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Table Of Contents  The TCP/IP Guide
 9  TCP/IP Lower-Layer (Interface, Internet and Transport) Protocols (OSI Layers 2, 3 and 4)
      9  TCP/IP Internet Layer (OSI Network Layer) Protocols
           9  Internet Protocol (IP/IPv4, IPng/IPv6) and IP-Related Protocols (IP NAT, IPSec, Mobile IP)
                9  IP Network Address Translation (NAT) Protocol

Previous Topic/Section
IP NAT Unidirectional (Traditional/Outbound) Operation
Previous Page
Pages in Current Topic/Section
12
3
Next Page
IP NAT Port-Based ("Overloaded") Operation: Network Address Port Translation (NAPT) / Port Address Translation (PAT)
Next Topic/Section

IP NAT Bidirectional (Two-Way/Inbound) Operation
(Page 3 of 3)

Bidirectional NAT Example

Once the inside global address of the device on the inside network is known by the outside device, the transaction can begin. Let's use the same example as in the previous topic, only we reverse it, so that outside device 204.51.16.12 is initiating a request (and is thus now the client) to inside device 10.0.0.207 (which is the server). Let's say that either static mapping or DNS has been used so that the outside device knows the inside global address of 10.0.0.207 is actually 194.54.21.6. Table 75 describes the transaction in detail; it is illustrated in Figure 113 as well.


Table 75: Operation Of Bidirectional (Two-Way/Inbound) NAT

Step #

Description

Datagram Type

Datagram Source Address

Datagram Destination Address

1

Outside Client Generates Request And Sends To NAT Router: Device 204.51.16.12 generates a request to the inside server. It uses the inside global address 194.54.21.6 as the destination. The datagram will be routed to the local router for that address, which is the NAT router that services the inside network where the server is located.

Request (from outside client to inside server)

204.51.16.12
(Outside Global)

194.54.21.6
(Inside Global)

2

NAT Router Translates Destination Address and Sends To Inside Server: The NAT router already has a mapping from the inside global address to the inside local address of the server. It replaces the 194.54.21.6 destination address with 10.0.0.207, and performs checksum recalculations and other work as necessary. The source address is not translated. The router then delivers the modified datagram to the inside server at 10.0.0.207.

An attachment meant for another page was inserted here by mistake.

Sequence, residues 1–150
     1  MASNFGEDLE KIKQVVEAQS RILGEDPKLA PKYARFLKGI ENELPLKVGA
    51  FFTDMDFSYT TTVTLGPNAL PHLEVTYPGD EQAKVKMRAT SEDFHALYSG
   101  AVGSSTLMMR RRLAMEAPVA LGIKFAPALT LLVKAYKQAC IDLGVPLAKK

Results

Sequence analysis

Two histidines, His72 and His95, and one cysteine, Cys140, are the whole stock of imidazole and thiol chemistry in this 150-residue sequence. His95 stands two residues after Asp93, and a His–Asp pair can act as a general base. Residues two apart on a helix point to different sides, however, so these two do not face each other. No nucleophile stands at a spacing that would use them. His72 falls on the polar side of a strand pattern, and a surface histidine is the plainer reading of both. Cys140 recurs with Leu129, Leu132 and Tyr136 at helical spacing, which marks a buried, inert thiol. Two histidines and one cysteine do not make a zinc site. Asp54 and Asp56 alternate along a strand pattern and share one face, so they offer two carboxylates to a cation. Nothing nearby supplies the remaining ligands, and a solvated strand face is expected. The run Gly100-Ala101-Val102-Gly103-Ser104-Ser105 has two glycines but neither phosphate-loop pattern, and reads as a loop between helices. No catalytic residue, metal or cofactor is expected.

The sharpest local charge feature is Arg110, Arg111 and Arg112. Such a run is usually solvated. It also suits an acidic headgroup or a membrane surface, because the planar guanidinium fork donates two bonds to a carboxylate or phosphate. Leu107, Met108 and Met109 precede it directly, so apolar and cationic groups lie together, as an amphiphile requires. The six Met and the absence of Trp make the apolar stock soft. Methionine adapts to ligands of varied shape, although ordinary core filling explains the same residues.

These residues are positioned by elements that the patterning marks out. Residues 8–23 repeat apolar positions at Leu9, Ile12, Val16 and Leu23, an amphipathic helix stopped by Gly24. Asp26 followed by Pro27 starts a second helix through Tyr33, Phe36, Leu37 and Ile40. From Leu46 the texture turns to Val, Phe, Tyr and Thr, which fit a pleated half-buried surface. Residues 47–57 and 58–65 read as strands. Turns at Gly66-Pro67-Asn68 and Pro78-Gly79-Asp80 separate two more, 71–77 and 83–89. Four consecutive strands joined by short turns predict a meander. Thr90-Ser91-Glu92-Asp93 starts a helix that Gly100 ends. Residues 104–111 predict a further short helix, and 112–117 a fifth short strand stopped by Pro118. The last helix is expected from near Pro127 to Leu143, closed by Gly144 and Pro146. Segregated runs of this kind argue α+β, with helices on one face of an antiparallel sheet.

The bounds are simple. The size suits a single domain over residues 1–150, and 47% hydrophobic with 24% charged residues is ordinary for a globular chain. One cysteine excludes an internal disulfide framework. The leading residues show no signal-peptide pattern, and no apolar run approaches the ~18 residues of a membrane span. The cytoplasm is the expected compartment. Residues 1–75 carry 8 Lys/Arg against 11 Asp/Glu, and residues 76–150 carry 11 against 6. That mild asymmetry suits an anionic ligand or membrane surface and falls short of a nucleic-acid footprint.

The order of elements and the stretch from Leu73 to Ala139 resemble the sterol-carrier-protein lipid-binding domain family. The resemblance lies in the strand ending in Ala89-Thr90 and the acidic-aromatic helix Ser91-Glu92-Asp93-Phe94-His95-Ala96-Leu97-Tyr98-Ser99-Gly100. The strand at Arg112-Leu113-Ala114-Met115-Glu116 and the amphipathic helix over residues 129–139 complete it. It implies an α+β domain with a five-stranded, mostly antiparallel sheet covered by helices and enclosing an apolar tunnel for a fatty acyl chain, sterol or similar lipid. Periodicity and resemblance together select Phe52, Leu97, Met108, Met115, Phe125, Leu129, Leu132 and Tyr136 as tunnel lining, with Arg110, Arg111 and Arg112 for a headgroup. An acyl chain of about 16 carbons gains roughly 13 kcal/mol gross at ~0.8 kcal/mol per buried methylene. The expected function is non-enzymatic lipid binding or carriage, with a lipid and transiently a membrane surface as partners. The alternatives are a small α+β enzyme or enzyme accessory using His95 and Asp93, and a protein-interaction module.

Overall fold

204.51.16.12
(Outside Local)

10.0.0.207
(Inside Local)

 

 

 

 

 

3

Inside Server Generates Response And Sends Back To NAT Router: The server at 10.0.0.207 generates a response, which it addresses to 204.51.16.12 since that was the source of the request to it. This is then routed to the server's NAT router.

Response (from inside server to outside client)

10.0.0.207
(Inside Local)

204.51.16.12
(Outside Local)

4

NAT Router Translates Source Address And Routes Datagram To Outside Client: The NAT router sees the private address 10.0.0.207 in the response and replaces it with 194.54.21.6. It then routes this back to the original client on the outside network.

194.54.21.6
(Inside Global)

204.51.16.12
(Outside Global)


As you can see, once the outside device knows the inside device's inside global address, inbound NAT is very similar to outbound NAT. It just does the exact opposite translation. Instead of modifying the source address on the outbound request and the destination on the inbound response, the router changes the destination on the inbound request and the source on the outbound reply.


Figure 113: Operation Of Bidirectional (Two-Way/Inbound) NAT

This figure is very similar to Figure 112, except that the transaction is in reverse, so please start at the upper right and go counter-clockwise. Translated addresses are shown in bold. Table 75 contains a complete explanation of the four steps. Refer to Figure 111 for an explanation of address types.

 


Key Concept: In traditional NAT, a transaction must begin with a request from a client on the local network, but in bidirectional (two-way/inbound) NAT, it is possible for a device on the public Internet to access a local network server. This requires the use of either static mapping or DNS to provide to the outside client the address of the server on the inside network. Then the NAT transaction is pretty much the same as in the unidirectional case, except in reverse: the incoming request has its destination address changed from inside global to inside local; the response has its source changed from inside local to inside global.



Previous Topic/Section
IP NAT Unidirectional (Traditional/Outbound) Operation
Previous Page
Pages in Current Topic/Section
12
3
Next Page
IP NAT Port-Based ("Overloaded") Operation: Network Address Port Translation (NAPT) / Port Address Translation (PAT)
Next Topic/Section

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